Andre Drummond played just under 17 minutes when the Los Angeles Lakers played the Golden State Warriors on Wednesday, and for good reason: The Warriors clogged the paint and made the Lakers’ big men work for their shots. Drummond is many things, but a difficult shot-maker isn’t one of them.
Then, on the defensive end, Drummond struggled to keep up with the Warriors’ small-ball lineups, which isn’t a reflection of his defensive talent, or lack thereof; very few traditional centers have had success against Steve Kerr’s small-ball lineups. Even Anthony Davis had trouble keeping up for a while.
It’s typically not good practice to try and beat the Warriors using small-ball because most teams don’t have the personnel to do it. However, the Lakers are one of the few teams that do, and if they weren’t cognizant of that before Wednesday’s game, they should be now.
While not every lineup with Davis at center was successful, the ones that worked really worked. For example, the five-man lineup of Alex Caruso, Kentavious Caldwell-Pope, Wesley Matthews, LeBron James and Davis posted a net rating of +81.0 in the three minutes they played together in the fourth quarter. That lineup won the Lakers the game.
After the game, Vogel talked at length about his decision to go small in the fourth quarter, and he made it a point to talk about the success that those lineups had rather than the lack of success the lineups with Drummond had.
“It’s necessary,” Vogel said. “We used the first half rotations similarly to how we did last year with Dwight and JaVale where we played big most of the first half and then we used the final three minutes to look at the small lineup and see what that feels like against this opponent.
“I thought Drummond played a great game,” Vogel added. “It wasn’t anything that he was doing. He was really competing on the defensive end and getting tap outs and rebounding the basketball, and scoring the ball for us as well, but just opening up AD at the five... to have that versatility and have that move to go to is something that worked for us in the playoffs last year, and worked for us tonight.”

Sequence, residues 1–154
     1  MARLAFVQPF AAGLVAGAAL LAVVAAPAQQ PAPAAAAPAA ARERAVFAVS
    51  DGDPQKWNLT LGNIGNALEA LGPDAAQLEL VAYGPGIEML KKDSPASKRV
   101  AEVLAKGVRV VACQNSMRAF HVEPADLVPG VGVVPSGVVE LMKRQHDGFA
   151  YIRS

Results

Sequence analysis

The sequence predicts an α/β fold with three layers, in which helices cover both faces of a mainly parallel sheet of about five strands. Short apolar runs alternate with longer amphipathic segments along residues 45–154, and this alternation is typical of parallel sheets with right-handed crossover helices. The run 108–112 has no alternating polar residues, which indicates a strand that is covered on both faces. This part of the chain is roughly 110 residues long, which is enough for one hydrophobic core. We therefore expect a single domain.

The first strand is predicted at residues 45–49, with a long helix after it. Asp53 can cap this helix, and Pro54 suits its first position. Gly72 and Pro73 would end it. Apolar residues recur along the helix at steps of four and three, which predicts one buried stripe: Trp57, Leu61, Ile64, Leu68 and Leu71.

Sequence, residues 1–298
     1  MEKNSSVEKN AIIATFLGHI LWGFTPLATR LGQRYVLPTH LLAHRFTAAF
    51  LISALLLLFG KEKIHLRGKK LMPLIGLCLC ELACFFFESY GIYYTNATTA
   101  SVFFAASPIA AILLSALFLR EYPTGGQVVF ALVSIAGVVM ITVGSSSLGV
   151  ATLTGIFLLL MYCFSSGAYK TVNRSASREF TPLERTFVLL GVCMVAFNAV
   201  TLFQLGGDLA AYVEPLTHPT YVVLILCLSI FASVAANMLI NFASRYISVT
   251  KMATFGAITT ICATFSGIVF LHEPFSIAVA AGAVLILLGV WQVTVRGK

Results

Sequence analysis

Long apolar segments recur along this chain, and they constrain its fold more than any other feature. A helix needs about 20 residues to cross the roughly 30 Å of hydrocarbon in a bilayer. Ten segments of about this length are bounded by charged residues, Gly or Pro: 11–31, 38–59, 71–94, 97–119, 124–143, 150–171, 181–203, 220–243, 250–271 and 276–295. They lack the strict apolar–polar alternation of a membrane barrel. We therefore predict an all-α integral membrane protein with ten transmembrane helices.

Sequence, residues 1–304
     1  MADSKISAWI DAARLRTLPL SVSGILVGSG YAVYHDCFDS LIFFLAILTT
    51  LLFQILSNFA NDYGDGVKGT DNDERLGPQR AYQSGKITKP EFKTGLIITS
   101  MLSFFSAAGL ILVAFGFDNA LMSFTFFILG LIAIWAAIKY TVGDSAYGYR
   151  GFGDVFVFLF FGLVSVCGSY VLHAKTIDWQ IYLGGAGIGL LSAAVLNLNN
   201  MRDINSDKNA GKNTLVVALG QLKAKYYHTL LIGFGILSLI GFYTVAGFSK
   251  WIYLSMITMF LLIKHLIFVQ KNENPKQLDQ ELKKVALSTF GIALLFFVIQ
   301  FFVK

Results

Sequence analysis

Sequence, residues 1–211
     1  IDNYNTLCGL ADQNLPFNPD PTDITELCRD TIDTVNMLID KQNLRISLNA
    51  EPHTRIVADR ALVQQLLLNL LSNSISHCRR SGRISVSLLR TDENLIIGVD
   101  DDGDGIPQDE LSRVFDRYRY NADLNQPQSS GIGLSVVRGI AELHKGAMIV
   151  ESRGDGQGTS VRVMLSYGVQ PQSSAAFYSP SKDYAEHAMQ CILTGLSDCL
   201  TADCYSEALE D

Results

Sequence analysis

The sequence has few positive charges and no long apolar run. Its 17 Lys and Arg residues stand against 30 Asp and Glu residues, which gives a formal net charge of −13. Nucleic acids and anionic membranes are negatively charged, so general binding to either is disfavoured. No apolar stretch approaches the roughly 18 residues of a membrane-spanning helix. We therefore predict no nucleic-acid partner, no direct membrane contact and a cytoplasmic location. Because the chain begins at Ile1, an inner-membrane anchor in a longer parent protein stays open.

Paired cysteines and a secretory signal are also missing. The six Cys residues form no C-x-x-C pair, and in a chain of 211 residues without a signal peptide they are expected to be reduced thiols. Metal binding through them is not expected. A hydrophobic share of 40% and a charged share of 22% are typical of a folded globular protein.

Anthony Davis also went out of his way to praise Drummond for his contributions in Wednesday’s win, and he attributed Drummond’s exclusion for the late-game lineups to a lack of experience, not talent or ability.
“Drummond was dominant tonight in the minutes that he played,” Davis said. “They’re just a special group. They play Draymond (Green) a lot at the five with four guards, and so it kind of put us at a little disadvantage on the defensive end. Drum is not used to making those rotations, and we just made an adjustment.”
The Warriors aren’t the last team that will force the Lakers to go “small” with Davis at the 5. Even on nights where Davis and Drummond are gelling, the Lakers’ best lineups will feature Davis at the 5 more often than not.
JaVale McGee and Dwight Howard understood that dynamic last season, and although Drummond is at a different point in his career than they were, he seems to understand that too, according to Davis.
“The good thing about our team is everyone knows their role,” Davis said. “If we make an adjustment mid-game where we go small and I’m at the five, no one is complaining. No one is upset because at the end of the day it’s all about winning. So he understood that. He understood, had no problem, he was up on the bench cheering for us and helping us out with his perspective on the floor and we was able to get the win.
“The locker room is great. We’ve got a great group of guys who understand that, same way as last year. So there might be other games where we do the same thing. There might be games where we go big with Drum at the five and I’m at the four. It’s all about matchups, and tonight was one of those nights.”